[Not sure if you want to take on the Orks? Have a look at our Warhammer 40,000: Armageddon review.]
Warhammer 40,000: Armageddon is a super deep strategy game that can be quite a lot to take in. Here's how to make sure you're combat ready when playing.
Warhammer 40,000 is a complicated universe, and Slitherine has a keen eye for detail when it comes to capturing the intricacies of the lore. The only problem with this is that the information isn't exactly surfaced in the best way. That being said, there's a button on the main menu that links to the game manual, which provides a lot of additional information. Although it doesn't quite have everything you need to know in it, it's definitely the best place to start.
Additional Stat Info
While the manual can provide a lot of good base information, there's even more to Armageddon that the manual (and the game in general) isn't 100% clear about. Here's a breakdown of what some of the less clear squad attributes mean:
Max Number: refers to the number of units in a squad. While seemingly self explanatory, this stat is important because each individual unit in a squad fires their weapon, making Max Number maintenance pretty important.
Initiative: Even though combat in Armageddon has units clash more or less in real-time, initiative determines if a unit can get a slight advantage by firing just ahead of their enemy, making them able to take out some units before receiving returning fire. Here are the general rules regarding initiative:
- If units have equal initiative, they will attack each other at the exact same time.
- If one squad has a higher initiative than another, the high initiative squad can take out a number of units equal to their initiative difference before the other squad returns fire. For example: if one squad has one point of initiative higher than an enemy, they can fire to take out one unit before the enemy squad retaliates.
Morale: When squads attack or get attacked, they lose morale. Morale can be in one of four states: good, normal, low, or broken. Staying in good or normal morale is best because it can grant bonuses or at least allow squads to perform as intended, while low and broken states come with penalties.
Use Your Requisition Wisely
One thing that makes Armageddon as deeply strategic as it is is the ability for players to completely control the growth and development of their army and units. That being said, be careful about what you're sinking money into and using. Having one of each unit currently available has its perks, but working with a smaller army amplifies the perks of leveling-up units. This can allow for players that remain careful and vigilant to develop a lean, mean fighting force while still having coin available to get some big guns down the road.
Placement is Everything
Putting squads in the right place is the primary way to succeed in Armageddon. Not only does quality placement allow for cover, but certain types of terrain change units' line of sight, mobility, and more. Also, many units in Armageddon have multiple weapons, and getting in range so that a unit can use its entire arsenal will deal more damage than staying too far out of range for some weapons.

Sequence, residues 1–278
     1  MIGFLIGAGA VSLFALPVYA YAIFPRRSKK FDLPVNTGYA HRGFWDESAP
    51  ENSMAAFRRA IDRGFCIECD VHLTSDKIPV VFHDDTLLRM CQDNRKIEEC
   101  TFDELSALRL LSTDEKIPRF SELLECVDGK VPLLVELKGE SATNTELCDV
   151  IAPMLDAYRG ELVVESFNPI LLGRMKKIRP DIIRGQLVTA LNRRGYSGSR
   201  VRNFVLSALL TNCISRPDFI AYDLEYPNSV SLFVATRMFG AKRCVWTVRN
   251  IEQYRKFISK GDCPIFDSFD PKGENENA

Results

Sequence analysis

In addition to base stats, some units have special traits that make them distinct from others. Combining units based on stats and individual traits is the key to making an army that works well together.
- Fearless: Units with fearless use morale half as fast as normal.
- Assault: Units with assault ignore cover bonuses when making melee attacks.
- Flyer: Units that can fly have increase evasion against attacks and are immune from being assaulted.
- Leadership: Units with leadership get a morale boost at the beginning of each turn.
- Support: Units with support can provide additional firepower when an adjacent ally attacks.
Choosing the Right Faction
In Armageddon, players will get the opportunity to play as one of three factions: the Imperium, the Orks, and the Space Marines. Although the guide gives some good lore distinctions between these factions, there's not a ton of information on their distinct play styles.
- Imperium: This faction resembles what some might call a "glass cannon." What the Imperium lack in melee toughness, they make up for with their powerful artillery and high initiative. In general it's best to rely mostly on vehicles, with some light infantry support. The Imperium also has access to Titans, which are the most powerful units in the game - though they aren't entirely cost-effective. Cautious players that know how to keep their distance should consider this faction.
- Orks: The Orks rely on the power of numbers to overwhelm their enemies. Most units available to the Orks are pretty low cost, even if they are pretty powerful. The main drawback of this faction is that they have pretty poor accuracy. Orks also have access to Titans. Players that are ok with rolling the dice a bit in exchange for a large fighting force would do well to use The Orks.
- Space Marines: Space Marines are the super elite soldiers of the Warhammer 40k universe. As a result, they seem like a direct foil to the Orks. All Space Marine units cost quite a bit, but they are all very accurate, powerful, and durable. Space Marines are also a little odd in the sense that they are subdivided into Blood Angels, Salamanders, and Ultramarines - with Blood Angels generally being the most expensive and powerful, Salamanders being more well-rounded, and Ultramarines being cheaper but less effective. Although Space Marines don't have access to Titans, their infantry are very effective and versatile. For the micro-manager that takes good care of each and every unit, the Space Marines seem like a good fit.